Layman Family Crest, Coat of Arms and Name History
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The English surname has two sources of origin. The first come from the medieval English compound word leyeman or leahman. The prefixes “leye” and “leah” both translate to mean a meadow or pasture with the suffix “man” which would indicate the name referenced someone who live near an area of fallow land. The second source is the version of the Germanic name Lehman, found predominately in the Saxony. Which is one of the main regions where the language called English would originate and evolve from.
The variations in the spelling of the surname includes; Higgs; Higg; Higges; and Higge among others. The variations in spelling of surnames dating back to ancient times can be attributed to a lack of consistency regarding guidelines for spelling in use by the scribes who recorded such information, many of which were in the habit of spelling phonetically. The issue of multiple spellings of names in records was compounded by the diversity of languages in use in European countries at this time.
Until the Norman invasion and conquest, surnames were rarely if ever used. In the small settlements and villages which existed during earlier times in most of Britain, residents found little need for surnames as everyone in these communities knew each other and a given name would usually suffice. However, as communities grew and people began to migrate on a larger scale, along with the need of the government having a reliable way to track people for tax and census purposes, the Norman aristocracy’s penchant for using surnames seemed the appropriate evolution to this problem. In most instances to distinguish themselves, one from another, those not of the noble class would often be identified by their given name plus their occupation while others may have been identified by their given name and one of their parent’s names. There was a boundless supply from which surnames could be formed, in addition to the use of patriarchal/matriarchal names or reference to the individuals occupation, there were things such as defining physical traits, a familiar geographical location or a topographical landmark found near the individual’s home or birthplace, the name of the village in which the person lived, and so much more. Over the course or time, surnames would come not just to represent an individual but whole families.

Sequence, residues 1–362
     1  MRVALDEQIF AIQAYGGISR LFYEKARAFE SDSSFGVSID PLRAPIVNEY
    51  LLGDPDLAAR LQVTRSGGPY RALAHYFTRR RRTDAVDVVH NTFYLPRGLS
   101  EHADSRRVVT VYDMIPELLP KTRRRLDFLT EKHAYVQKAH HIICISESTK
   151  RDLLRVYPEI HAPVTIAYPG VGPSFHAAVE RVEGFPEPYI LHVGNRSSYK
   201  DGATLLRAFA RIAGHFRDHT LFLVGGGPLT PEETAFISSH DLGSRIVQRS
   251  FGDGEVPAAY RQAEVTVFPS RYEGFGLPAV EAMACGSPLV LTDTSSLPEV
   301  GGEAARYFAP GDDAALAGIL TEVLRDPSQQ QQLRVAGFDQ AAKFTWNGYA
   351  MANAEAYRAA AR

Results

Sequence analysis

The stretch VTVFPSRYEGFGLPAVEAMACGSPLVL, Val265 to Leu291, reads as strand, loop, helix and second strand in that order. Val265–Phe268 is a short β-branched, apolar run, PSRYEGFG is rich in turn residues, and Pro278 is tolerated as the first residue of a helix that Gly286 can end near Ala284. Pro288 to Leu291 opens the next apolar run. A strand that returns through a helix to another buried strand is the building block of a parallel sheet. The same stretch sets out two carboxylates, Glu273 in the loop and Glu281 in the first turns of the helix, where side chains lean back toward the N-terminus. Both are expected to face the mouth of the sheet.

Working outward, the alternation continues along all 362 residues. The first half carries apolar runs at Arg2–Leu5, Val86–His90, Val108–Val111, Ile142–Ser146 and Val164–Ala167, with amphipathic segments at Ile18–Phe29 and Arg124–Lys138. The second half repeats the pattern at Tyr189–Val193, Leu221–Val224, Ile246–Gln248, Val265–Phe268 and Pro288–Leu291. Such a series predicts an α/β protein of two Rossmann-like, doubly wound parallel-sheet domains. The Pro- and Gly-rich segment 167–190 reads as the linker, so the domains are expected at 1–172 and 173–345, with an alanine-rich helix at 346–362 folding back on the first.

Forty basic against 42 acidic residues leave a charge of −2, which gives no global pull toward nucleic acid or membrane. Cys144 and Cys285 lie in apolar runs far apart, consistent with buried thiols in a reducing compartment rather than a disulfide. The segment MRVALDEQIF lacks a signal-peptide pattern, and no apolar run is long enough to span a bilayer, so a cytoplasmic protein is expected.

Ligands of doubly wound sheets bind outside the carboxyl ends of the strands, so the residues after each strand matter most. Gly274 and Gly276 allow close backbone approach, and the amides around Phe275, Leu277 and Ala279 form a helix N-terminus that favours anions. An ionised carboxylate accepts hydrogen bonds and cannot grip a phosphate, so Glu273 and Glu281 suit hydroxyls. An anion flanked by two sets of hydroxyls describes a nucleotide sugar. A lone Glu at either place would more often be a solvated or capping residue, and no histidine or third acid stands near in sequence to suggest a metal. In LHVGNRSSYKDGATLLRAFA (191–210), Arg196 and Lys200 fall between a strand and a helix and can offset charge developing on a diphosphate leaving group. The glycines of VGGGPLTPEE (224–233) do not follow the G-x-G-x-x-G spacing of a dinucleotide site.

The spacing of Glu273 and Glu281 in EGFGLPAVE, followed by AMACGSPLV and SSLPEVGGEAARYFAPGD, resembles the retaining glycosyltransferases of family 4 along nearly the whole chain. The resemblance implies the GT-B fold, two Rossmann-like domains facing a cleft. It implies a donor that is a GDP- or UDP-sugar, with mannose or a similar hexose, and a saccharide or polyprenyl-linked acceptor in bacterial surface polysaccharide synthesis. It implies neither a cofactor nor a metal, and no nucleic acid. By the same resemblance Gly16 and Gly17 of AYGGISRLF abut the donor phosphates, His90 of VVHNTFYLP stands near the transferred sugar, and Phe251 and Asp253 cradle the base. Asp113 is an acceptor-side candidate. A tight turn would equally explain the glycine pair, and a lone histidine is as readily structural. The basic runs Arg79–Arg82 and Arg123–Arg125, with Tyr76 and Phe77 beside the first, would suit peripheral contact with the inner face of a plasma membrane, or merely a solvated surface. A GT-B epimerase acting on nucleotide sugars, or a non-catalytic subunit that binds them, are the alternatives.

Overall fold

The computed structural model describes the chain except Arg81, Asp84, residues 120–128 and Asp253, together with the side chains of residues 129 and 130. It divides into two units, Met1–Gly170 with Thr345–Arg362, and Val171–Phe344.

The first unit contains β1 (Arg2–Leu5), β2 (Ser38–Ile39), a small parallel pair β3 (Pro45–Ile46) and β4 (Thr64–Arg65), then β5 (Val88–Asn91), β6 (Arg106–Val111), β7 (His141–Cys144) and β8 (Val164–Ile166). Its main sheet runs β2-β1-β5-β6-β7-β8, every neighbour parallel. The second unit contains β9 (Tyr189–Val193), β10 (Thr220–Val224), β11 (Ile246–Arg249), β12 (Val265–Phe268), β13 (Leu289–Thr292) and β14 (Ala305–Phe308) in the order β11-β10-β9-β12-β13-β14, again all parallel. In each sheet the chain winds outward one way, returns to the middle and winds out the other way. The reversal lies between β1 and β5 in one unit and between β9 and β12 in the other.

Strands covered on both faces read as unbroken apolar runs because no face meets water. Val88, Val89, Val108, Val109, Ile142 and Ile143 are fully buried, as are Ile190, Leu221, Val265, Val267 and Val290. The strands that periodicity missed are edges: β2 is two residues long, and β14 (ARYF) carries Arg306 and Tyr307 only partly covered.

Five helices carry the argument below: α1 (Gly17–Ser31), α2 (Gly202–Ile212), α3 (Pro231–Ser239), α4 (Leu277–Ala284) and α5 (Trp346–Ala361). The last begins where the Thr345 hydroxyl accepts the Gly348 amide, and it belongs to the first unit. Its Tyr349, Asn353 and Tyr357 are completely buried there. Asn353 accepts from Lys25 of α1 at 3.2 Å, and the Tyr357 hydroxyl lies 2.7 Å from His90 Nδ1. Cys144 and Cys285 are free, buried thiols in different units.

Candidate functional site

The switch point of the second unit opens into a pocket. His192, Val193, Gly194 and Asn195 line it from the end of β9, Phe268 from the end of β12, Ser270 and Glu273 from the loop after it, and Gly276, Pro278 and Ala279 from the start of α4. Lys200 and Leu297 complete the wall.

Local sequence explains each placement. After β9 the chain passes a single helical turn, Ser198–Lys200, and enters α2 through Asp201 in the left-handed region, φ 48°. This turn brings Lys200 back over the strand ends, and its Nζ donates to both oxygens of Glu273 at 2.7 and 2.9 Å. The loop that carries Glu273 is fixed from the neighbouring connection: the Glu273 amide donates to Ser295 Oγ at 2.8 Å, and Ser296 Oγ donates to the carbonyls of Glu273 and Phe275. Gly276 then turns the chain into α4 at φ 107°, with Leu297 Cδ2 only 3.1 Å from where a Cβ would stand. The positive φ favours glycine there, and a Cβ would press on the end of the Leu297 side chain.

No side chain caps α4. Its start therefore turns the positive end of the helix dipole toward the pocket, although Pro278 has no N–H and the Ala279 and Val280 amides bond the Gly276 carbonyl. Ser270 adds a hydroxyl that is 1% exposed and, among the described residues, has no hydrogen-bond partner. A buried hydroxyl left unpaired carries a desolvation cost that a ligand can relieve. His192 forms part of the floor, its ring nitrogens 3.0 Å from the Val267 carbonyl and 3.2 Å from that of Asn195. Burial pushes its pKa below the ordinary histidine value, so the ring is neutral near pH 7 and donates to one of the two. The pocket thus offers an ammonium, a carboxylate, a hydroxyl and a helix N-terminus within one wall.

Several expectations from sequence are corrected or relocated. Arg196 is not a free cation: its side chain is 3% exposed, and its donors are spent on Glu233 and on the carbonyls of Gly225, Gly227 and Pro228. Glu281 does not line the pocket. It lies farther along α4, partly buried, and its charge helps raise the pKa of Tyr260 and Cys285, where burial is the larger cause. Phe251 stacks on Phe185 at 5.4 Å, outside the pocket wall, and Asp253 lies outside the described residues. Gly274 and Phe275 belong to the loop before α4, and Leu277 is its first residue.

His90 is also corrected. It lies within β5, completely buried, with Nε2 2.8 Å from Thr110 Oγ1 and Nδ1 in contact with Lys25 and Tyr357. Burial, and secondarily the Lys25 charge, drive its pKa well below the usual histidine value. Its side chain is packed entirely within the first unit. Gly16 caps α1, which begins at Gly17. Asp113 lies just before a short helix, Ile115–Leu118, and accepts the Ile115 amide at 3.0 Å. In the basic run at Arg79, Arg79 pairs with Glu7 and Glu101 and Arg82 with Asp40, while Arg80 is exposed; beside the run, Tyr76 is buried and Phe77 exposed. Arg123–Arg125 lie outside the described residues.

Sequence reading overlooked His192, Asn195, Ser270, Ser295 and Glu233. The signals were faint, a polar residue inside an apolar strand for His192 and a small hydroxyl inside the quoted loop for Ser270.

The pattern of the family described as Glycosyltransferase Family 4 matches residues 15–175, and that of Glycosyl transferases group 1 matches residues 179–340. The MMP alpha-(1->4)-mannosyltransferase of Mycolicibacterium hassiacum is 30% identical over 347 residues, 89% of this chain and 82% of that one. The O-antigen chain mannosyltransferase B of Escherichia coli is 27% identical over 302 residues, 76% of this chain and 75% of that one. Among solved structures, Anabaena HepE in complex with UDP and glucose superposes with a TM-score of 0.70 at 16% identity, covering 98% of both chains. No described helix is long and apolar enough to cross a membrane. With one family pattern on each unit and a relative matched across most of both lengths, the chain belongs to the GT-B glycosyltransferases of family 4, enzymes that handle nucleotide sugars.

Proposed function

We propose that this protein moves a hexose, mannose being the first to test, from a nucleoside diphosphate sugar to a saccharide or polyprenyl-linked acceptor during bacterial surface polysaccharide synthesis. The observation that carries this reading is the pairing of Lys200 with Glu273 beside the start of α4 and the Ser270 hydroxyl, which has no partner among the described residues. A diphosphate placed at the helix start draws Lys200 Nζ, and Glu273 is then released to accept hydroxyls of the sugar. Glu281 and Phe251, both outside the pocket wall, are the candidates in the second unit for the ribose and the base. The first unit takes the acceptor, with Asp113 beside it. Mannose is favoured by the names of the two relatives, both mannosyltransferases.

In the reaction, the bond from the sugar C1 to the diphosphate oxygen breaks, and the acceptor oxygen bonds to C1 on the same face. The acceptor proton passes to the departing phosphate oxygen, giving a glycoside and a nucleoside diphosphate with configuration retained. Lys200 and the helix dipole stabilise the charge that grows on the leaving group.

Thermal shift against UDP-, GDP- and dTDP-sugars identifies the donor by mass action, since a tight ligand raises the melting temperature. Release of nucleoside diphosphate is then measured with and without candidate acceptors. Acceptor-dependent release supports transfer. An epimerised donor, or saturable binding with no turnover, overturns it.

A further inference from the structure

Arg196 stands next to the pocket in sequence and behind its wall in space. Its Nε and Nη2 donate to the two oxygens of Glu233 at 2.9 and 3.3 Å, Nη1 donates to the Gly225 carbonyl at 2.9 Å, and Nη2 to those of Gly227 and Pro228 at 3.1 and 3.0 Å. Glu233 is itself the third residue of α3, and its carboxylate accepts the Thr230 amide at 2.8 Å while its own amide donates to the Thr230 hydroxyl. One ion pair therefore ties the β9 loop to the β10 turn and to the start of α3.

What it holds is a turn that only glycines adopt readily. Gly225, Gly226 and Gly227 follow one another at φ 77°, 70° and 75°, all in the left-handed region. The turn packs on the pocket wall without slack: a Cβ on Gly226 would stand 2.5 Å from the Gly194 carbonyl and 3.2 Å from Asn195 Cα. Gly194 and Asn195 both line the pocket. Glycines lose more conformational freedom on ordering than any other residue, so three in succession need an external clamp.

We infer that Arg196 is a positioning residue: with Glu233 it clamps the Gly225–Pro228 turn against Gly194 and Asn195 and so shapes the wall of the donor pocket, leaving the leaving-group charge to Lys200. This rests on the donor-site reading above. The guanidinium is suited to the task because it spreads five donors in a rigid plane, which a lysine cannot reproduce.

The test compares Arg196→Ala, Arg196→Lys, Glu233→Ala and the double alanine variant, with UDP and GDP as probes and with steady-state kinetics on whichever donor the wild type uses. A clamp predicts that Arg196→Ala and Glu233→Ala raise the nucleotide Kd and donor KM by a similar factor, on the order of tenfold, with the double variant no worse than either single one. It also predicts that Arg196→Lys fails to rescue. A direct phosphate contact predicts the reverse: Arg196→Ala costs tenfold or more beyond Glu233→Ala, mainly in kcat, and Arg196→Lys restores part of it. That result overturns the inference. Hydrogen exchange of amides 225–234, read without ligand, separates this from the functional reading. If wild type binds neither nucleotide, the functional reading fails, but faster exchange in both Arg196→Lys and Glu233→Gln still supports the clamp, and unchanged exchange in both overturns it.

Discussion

Some of the earliest record of any variation of this surname are those of Reiner Leman which appears in the 1185 Knights Templar rolls and Ailric de la Leie which appears in the Nottinghamshire tax rolls from 1193. The tax rolls, were a series of census and tax records kept by the English Treasury by order of King John. These documents, the oldest dating back seven hundred years to the 12th century, are considered the oldest continuous set of records detailing English governance in the United Kingdom.
The task of record keeping was primarily the responsibility of the churches, priories, and government as literacy was often a skill found only among the wealthy, the clergy, and those in government. For practical purposes, governments found the use of surnames made the recording and tracking of people for census, taxation, and immigration purposes easier.
With the discovery of America, people began to immigrate to the “New World”. Some of the first recorded immigrants to America bearing the surname were Johannas Layman who arrived in 1727 and settled in Pennsylvania. William Layman arrived in America in 1852 and settled in Indiana.
Worldwide, the highest concentration of people with the surname Layman are found in the United States, Canada, the United Kingdom, Belgium, and Poland. By state, the largest percentile of those with the surname Layman live in Virginia, West Virginia, Oklahoma, Kentucky, Indiana, Ohio, Oklahoma, and Tennessee.
There are many persons of note who bear the surname such as American born, Brigadier General Walter G. Layman. Layman served in the U.S. Army during World War II, in recognition of his exceptional meritorious service, he was posthumously awarded the Army Distinguished Service Medal.
English born, Alfred Layman, was a noted cricketer who played for Kent.
American born, Jason Layman was a professional American football player. He played college football at the University of Tennessee, upon graduation he was drafted by the Houston Oilers. Layman also played for the Tennessee Titans during which time he went to the Super Bowl with his team.
John Lehman is the noted heraldic authority and author of the website, Coat of Arms Database, based out of Michigan, USA.
Blazons & Genealogy Notes
1) Per chev. gu. and ar. three annulets counterchanged (another, three annulets in chief of the second). Crest—A demi bull ramp. ppr.
2) Ar. on a fesse gu. three annulets or.